I’m asking you to commit yourself right here and right now to embrace this discomfort. Think of it like that tie you overpaid for at Brooks Brothers (yeah, you aren’t the only one): Once you get past feeling like the tourniquet is about to turn you into worm food, your step has a little extra spring because you not only are the right person for the job, but you look the part as well.

It’s like that, but harder.

If Joe had answered, “I don’t know”, he would’ve had a new job. And if he had some relevant insight, and was calm because he was prepared, Joe probably could have negotiated more money than what was on the table.

Listen to the power of these three difficult words when framed with the kind of wisdom any competent professional has inside: “I don’t know. But, if I understand your question clearly, here is how I would approach solving the problem…”

Joe was the most competent person that panel interviewed—by far—but that did not get him the job. Lack of preparation left him powerless. My passion is to help you find power through preparation. Wielding power with those three tongue-incapacitating words is a good start on mastering one of the most critical job skills you have never been taught.

In the rest of this blog series, I will share more techniques to help you interview with confidence. To interview with the confidence to speak those three despicable words.

The confidence to get the offer.

About the Author: 

Tony Plank is a polymath with an extremely diverse background including Information Technology, Law, and professional coaching. Three decades of success on both sides of the interview desk gives Tony a unique perspective on how to not just succeed in professional job interviews, but to master and control these critical career milestones. Mastering the interview demands preparation and planning. In an evocative series of blog posts, Tony will provide you with the basic elements of what it takes to walk into that next career changing event with confidence and walk out with the offer you want.

Posted in: 
Job Seeker

What It Costs When You Don’t Hire

Businesses operate on money and people. Hiring good people to fill your most pressing IT vacancies is a challenge that every hiring manager faces. It takes a definition of job requirements along with good interviewing skills and reference checks to recognize high-performance team players when you see them. It also requires teaching this skill to hiring managers throughout your organization. Recruiting is a vital function that could determine your success or failure as a manager or supervisor.What It Costs When You Don’t Hire

You have two main goals as you prepare to hire:

  1. Hire the best people available.
  2. Contain costs, but consider what a lost opportunity is costing you or a manager within your organization because of a failure to hire.

To help you evaluate the tangible and intangible costs here are several things to consider when making the decision NOT to hire:

  1. The impact of a shortage of employees could put pressure on the rest of your team members to the point that they become unhappy less productive. Some frustrated employees will quit.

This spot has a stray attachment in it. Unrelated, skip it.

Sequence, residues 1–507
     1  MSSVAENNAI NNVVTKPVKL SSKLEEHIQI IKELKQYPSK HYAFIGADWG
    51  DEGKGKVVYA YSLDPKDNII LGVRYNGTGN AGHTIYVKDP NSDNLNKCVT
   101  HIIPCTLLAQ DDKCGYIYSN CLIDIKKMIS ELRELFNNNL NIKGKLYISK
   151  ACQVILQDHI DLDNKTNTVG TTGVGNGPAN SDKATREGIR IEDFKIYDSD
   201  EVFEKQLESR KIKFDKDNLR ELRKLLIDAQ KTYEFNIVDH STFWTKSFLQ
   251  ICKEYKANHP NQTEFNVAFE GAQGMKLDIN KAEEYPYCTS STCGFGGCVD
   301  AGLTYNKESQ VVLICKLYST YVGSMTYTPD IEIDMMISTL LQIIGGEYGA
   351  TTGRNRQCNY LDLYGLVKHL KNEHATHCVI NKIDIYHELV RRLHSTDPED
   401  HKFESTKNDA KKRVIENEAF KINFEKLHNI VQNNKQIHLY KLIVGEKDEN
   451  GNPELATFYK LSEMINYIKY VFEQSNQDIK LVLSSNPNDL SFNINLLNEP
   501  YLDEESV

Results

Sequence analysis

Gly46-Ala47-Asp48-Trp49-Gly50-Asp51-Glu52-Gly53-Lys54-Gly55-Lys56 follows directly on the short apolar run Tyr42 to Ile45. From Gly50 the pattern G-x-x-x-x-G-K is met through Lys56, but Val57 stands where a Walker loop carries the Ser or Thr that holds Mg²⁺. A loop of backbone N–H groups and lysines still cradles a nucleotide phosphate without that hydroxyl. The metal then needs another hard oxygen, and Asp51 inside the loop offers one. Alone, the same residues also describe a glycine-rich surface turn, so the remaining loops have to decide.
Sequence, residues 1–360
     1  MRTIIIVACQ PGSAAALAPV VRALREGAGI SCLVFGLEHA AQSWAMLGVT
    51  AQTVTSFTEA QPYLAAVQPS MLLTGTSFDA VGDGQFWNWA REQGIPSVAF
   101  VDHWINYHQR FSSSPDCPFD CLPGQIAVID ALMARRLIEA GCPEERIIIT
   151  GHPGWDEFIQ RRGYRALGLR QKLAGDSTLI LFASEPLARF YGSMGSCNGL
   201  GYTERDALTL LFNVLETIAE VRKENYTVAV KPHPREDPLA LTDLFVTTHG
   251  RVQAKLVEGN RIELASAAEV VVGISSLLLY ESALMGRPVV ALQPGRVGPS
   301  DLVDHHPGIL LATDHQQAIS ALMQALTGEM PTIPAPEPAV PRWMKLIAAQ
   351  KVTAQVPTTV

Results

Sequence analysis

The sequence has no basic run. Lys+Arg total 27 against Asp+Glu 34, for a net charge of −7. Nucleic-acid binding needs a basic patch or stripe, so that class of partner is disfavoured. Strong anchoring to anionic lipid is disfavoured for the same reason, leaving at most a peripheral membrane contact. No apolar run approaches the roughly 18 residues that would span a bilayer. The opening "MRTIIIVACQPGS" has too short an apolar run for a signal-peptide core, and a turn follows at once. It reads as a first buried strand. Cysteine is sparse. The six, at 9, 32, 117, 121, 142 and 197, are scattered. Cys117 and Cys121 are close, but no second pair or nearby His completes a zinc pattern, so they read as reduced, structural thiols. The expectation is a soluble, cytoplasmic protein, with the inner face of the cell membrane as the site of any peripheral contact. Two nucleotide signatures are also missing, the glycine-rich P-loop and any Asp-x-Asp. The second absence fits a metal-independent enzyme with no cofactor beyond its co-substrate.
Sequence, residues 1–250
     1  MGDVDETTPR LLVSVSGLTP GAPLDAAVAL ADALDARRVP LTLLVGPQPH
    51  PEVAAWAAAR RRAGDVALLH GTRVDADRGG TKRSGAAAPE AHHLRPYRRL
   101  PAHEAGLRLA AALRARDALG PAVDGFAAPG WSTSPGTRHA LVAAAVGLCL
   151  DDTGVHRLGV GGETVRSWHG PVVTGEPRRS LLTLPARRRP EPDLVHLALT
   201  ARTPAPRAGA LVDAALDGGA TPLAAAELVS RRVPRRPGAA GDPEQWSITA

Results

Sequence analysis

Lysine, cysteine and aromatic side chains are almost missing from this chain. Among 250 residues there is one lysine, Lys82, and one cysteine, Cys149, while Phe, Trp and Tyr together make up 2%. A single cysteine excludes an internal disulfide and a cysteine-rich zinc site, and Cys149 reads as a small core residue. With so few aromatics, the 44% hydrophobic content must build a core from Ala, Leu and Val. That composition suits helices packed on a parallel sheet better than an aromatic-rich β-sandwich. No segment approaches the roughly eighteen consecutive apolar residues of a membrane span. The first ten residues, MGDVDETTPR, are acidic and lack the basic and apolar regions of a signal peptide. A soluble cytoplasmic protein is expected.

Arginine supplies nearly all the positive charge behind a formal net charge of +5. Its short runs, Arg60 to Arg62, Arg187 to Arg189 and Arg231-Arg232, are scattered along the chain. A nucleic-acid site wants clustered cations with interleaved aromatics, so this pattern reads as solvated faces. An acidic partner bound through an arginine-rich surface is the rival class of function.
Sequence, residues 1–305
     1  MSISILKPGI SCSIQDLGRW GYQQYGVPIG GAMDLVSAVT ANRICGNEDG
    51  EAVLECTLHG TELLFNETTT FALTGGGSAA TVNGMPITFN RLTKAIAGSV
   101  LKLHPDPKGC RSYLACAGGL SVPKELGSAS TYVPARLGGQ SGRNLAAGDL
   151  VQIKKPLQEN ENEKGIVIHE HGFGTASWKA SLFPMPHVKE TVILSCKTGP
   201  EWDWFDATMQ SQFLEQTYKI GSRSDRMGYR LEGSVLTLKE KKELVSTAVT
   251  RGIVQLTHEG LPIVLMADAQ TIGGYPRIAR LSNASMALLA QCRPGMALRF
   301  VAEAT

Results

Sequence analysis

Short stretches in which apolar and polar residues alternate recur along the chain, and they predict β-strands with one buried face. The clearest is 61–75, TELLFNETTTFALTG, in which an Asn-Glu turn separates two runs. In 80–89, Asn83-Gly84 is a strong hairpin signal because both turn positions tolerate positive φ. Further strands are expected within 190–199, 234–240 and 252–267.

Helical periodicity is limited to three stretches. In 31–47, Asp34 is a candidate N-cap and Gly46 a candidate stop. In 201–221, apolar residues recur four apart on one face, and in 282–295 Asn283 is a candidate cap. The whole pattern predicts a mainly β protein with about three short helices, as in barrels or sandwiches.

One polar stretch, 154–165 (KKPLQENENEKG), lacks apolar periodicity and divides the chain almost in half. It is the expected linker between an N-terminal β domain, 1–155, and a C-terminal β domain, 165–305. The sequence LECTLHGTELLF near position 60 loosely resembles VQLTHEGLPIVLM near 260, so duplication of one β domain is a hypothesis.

2. Employees could become vigilantes and they will secretly undermine you in an effort to spite you for being insensitive to the fact that more people are needed to do what’s expected.
  3. When you don’t have the people you need to handle the workload, you run the risk of losing your position in the marketplace to your competition.
  4. Look at every person on your team and ask yourself: What is the financial impact of this individual? To prove a point, try moving an untrained or unskilled worker into a vacant position and watch that person “weaken” your entire team.
  5. What if you don’t get your merchandise to the customers or marketplace on time because you don’t have enough of the right employees to get the job done? Maybe the production department has to shut down a line or cut a shift.
  6. Think of hiring as an investment in the future of your department rather than a liability. It’s a pay now or pay later task. Make sure that all of your hiring managers understand this critical concept too.
  7. Ask yourself how your team could change and become more effective with the right people. Ask your staff what they think it would take for them to become more effective.

Consider this four-step process when you are tempted NOT to hire:

Step #1
Calculate how much work you and your employees are doing right now that is “above and beyond” what’s expected and outside of their regular job responsibilities. Prepare a list of the tasks and then estimate the time that it takes to complete each one. Identify the work that could be handled by a newly hired person and thus relieve the others from the pressure that is mounting. This is easy to do and it will help you clarify in your own mind what makes the most sense in terms of hiring versus NOT hiring.

Step #2
Identify the new opportunities that would be possible if your current employees were relieved of the added burden they are now facing. For example, oftentimes clerical work falls on the shoulders of your professional or managerial level employees and it keeps them from doing their jobs.

Step #3
Make a list of the savings generated by hiring someone to pick up the slack. You might even prevent turnover and the associated astronomical costs generated by an employee who quits because he or she is fed up with what you are asking them to do.

Step #4